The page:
Pepper Foster is in the magazine business with an unexpected acquisition of 50-year-old Easyriders magazine.
The cofounder with his brother of denim line Chip & Pepper, Foster last year quietly bought the monthly, founded in 1970 and aimed strictly at Harley Davidson motorcycle enthusiasts, more specifically those who liked their bikes and gear with a side of naked women. Already Pepper has redesigned the magazine, its look, ethos and frequency, to be a more inclusive outlet looking to showcase the entirety of the modern motorcycle lifestyle. And in a more upscale way.
“We’ve taken it from what was, well, more trashy, to now being almost like a GQ for bikers,” Foster said. “It’s more lifestyle now, with a different style of shots, higher quality of photos. Women are shooting women even,” he added, alluding to the magazine’s earlier look. Something along the lines of a Playboy-meets-gearhead fantasy.
“One of the reasons I wanted the brand, it’s so iconic, but was never really, properly nurtured,” Foster said. He purchased his first motorcycle in 1989, a time he remembers fondly for being able to ride without a helmet, and grew up with the magazine.
While the purchase price of Easyriders is being kept confidential, Foster said this year he’s looking to get to around $8 million in revenue and said in three years’ time, he’s expecting revenue to hit around $50 million.
“This is a meeting year,” he said. “I want to grow this the right way and hit the right customer.”
The first thing was to overhaul Easyriders’ social media, and it’s already back up to almost 27,000 followers on Instagram and Foster said it’s growing by a few hundred a day now. A new web site is set to launch next month. He also said his phone “has been ringing off the hook” lately with brands and companies (some “major”) calling to see how they may be able to work together, be it a collaboration or an advertising deal. He said the magazine still has major brand recognition, globally, too. He was just in Italy, London and Japan, all with motorcycle cultures of their own, and was excited how many people he met there who knew Easyriders and thought well of it.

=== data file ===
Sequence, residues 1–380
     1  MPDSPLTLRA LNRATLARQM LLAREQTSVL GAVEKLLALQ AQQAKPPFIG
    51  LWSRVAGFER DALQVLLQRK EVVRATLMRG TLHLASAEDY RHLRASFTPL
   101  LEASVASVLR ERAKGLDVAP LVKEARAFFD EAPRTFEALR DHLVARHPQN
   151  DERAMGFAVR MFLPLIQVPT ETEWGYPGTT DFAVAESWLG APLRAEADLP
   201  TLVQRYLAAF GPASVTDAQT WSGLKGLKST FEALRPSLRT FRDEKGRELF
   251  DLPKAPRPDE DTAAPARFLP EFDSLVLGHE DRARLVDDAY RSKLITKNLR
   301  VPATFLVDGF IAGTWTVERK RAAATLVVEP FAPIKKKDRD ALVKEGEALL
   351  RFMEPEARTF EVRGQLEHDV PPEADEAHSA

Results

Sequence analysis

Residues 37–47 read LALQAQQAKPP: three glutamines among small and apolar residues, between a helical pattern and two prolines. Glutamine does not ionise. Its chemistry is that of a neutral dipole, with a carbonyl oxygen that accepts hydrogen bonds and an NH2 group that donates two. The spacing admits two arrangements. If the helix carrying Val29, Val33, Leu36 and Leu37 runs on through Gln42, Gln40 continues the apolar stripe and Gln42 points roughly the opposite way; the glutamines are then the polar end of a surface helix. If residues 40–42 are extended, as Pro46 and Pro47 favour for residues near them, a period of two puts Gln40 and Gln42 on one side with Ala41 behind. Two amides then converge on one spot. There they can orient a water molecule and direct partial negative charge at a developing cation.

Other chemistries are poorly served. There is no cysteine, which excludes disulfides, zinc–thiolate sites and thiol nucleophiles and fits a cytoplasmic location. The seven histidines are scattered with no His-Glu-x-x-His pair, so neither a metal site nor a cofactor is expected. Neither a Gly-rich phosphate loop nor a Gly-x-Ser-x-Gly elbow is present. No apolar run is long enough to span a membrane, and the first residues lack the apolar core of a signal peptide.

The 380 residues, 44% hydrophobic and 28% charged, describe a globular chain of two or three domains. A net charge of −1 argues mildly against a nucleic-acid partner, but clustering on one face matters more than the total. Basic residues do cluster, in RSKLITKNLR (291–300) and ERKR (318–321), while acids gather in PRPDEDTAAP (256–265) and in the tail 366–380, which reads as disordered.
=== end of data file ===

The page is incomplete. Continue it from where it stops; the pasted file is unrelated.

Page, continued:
Foster immediately decided to make the magazine a quarterly, upgrading everything from the photos and styling (his wife Vanessa is the creative director) to the paper stock and printing, and create a sense of scarcity with distribution. He printed 10,000 copies for the first 140-page issue (with no advertising pages), featuring actor Norman Reedus on the cover and a big spread with Erin Wasson inside. It sold out online in three days, Foster said. The magazine previously printed 600,000 copies a month. But his goal isn’t to merely operate a niche quarterly magazine for the fun of it.
Foster sees significant business potential in licensing the Easyriders name as well as the earlier art that appeared in the magazine, l like that of the late artist David Mann, who painted on the biker lifestyle. Foster is already looking at licensing Mann’s work for socks and underwear and is thinking about other brands like Vans, a popular shoe for West Coast riders. And Easyriders new chief executive officer is Charles Perez, a veteran apparel manufacturer in L.A.
There’s potential in an events business and Foster has hired Chris Breed, an L.A. restaurateur and consultant known for the Roxbury and Pig & Whistle. Easyriders is looking to host six events this year, which Foster foresees as a kind of “biker Coachella,” offering a mix of camping, riding and music performances.
If that wasn’t enough for a company that’s only a few months into new ownership, Foster, who seems naturally excitable, is already looking at TV deals for the brand. And more acquisitions of troubled but quality assets are likely, although Foster is not looking in the apparel space.
“This is just the start,” he said. “I’m building a really boutique company that can reposition or reset some beloved brands.”